If any of our politicians, including our so-called conservative politicians, are taking a stand against this, I haven't heard about it.

May I say it once again, please? Thank you. Quote:

We should be in the business of protecting cherished institutions and our cultural heritage. Otherwise what, I ask, is a Conservative Party for?

07 — Miscellany.     And now, a fast gallop through our closing miscellany of brief items.

Imprimis:  This item may strike you as weird. It struck me that way when I read it. On reflection, though … Well, let me tell you the story.

It concerns a Japanese pop group named AKB48. This is a girl group, wildly popular in Japan. Made up of fifteen girls in their teens and early twenties, the group grossed almost 200 million dollars in CD and DVD sales during 2011 alone.

If you go to YouTube and look at their pop videos, though, you see the weirdness. The group members are usually dressed as schoolgirls, in short plaid skirts and demure blouses. In one song, they are actually sitting at desks in a classroom.

Well, if that's what people like in Japan, who are we to object? Better they should be doing this than dive-bombing our aircraft carriers.

To keep up the virginal-innocence facade, though, the group maintains a strict policy of no dating for its members. This caused a problem for group member Minami Minegishi, who was photographed by a tabloid newspaper leaving her boyfriend's house first thing in the morning.

When the terrible news came out, Ms. Minegishi did the Japanese thing. No, no, she didn't commit seppuku, at any rate she hasn't yet. No: she shaved off all her hair and made a weepy, emotional apology to her fans. Posted on YouTube, the clip was viewed five million times before being taken down.

Punch line: Ms. Minegishi is twenty years old.

Weird? Well, let's take a detached view of the matter, looking at it sub specie aeternitatis. I'd say it's less weird than the latest exploit of Lindsay Lohan or Britney Spears; and probably, from a societal point of view, a lot healthier.

Item:  Daniel Greenfield's blog, named "Sultan Knish," is one I check in on regularly. He had a great post a couple of weeks ago, title "The Guns of Obamerica." I urge you to read the whole thing: there's a link in the Radio Derb transcript.

Greenfield's argument is that while the leftist Obama-voting demographics are pushing for gun control, they are harvesting votes from the most criminally gun-happy parts of the country. Quote:

Obama won every major city in the election, except for Jacksonville and Salt Lake City. And the higher the death rate, the bigger his victory. He won New Orleans by 80 to 17 where the murder rate is ten times higher than the national average. He won Detroit, where the murder rate of 53 per 100,000 people is the second highest in the country and twice as high as any country in the world, including the Congo and South Africa. He won it 73 to 26. And then he celebrated his victory in Chicago where the murder rate is three times the statewide average.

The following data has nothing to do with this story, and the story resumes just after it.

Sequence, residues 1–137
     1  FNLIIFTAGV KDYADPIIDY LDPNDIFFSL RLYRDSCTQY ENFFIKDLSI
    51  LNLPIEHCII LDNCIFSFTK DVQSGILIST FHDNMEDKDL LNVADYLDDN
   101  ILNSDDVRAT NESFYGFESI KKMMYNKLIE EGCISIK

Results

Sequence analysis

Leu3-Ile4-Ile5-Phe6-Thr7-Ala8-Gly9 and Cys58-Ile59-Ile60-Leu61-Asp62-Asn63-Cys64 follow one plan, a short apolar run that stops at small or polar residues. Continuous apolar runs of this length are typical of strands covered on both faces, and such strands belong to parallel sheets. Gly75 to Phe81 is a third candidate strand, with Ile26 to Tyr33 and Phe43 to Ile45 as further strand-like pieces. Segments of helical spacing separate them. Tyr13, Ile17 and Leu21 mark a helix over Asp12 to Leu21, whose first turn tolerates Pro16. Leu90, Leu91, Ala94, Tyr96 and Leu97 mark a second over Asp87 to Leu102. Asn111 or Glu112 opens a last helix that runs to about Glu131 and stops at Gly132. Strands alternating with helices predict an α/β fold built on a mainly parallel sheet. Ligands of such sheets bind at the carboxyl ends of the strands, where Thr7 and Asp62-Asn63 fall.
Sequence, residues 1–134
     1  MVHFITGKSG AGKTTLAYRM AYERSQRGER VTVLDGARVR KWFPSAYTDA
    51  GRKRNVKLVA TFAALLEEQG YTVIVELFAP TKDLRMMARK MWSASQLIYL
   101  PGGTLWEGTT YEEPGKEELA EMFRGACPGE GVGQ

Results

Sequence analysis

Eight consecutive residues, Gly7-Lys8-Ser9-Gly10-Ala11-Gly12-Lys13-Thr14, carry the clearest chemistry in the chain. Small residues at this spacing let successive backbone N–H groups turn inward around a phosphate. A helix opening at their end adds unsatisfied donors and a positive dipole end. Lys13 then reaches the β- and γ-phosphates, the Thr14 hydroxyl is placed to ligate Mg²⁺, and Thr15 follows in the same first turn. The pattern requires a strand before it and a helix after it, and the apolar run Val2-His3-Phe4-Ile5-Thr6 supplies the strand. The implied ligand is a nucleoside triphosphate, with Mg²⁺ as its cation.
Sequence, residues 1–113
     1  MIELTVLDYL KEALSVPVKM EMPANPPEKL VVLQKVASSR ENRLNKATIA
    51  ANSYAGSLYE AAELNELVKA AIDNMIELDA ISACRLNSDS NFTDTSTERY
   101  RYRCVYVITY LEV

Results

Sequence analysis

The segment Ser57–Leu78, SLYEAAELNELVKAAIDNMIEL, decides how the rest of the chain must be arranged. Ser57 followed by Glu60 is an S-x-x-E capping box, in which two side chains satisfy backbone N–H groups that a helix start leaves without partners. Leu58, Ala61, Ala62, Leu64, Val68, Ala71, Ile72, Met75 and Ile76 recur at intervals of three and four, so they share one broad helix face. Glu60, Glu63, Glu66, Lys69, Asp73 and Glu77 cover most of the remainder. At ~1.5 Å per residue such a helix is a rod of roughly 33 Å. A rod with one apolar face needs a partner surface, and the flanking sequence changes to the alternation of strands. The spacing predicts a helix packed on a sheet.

These places aren't America. They're Obamerica.

In 2006, the 54 percent of the population living in those 50 metro areas was responsible for 67 percent of armed killings nationwide. Those are disproportionate numbers especially when you consider that for the people living in most of those cities walking into a store and legally buying a gun is all but impossible.

An excellent piece, very quotable.

Item:  Finally: Out with the old, in with the new. This weekend we pass from the Year of the Dragon to the Year of the Snake … in the Chinese lunar calendar, of course.

I'm not sure what the protocol is about eating snake in the Year of the Snake, but if that's a thing you want to do, I recommend doing it in the province of Guizhou in China, where it's something of a local specialty. They let you pick out your snake; then they cut out its gall bladder and serve it to you in a glass of liquor while cooking up the snake meat. Mm-mm, my mouth is watering already.

See: Japanese, Chinese, American — the weirdness is all relative. 恭喜發財! Happy New Year!

08 — Signoff.     That's all for this week, ladies and gents. Some politics, some history, some social issues, and a snake's gall bladder. We leave no stone unturned here at Radio Derb.

For a sign-off, to remind us of happier times when the Republican Party was one that a conservative citizen could vote for without having to bite down hard on a broom handle, and also in honor of Amity Shlaes' new biography of the 30th President, in bookstores next week, here is the 1924 Republican campaign song, "Keep Cool and Keep Coolidge." The sound quality is poor because, hey, it's a 1924 recording, so I'll start you off with the first verse:

"Keep cool and keep Coolidge" is the slogan of the day!
Keep cool and keep Coolidge for the good old U.S.A.!
A lot of politicians cannot do a thing but squawk;
But Calvin Coolidge is a man of action and not talk …

More from Radio Derb next week!

[Music clip: "Keep Cool with Coolidge"]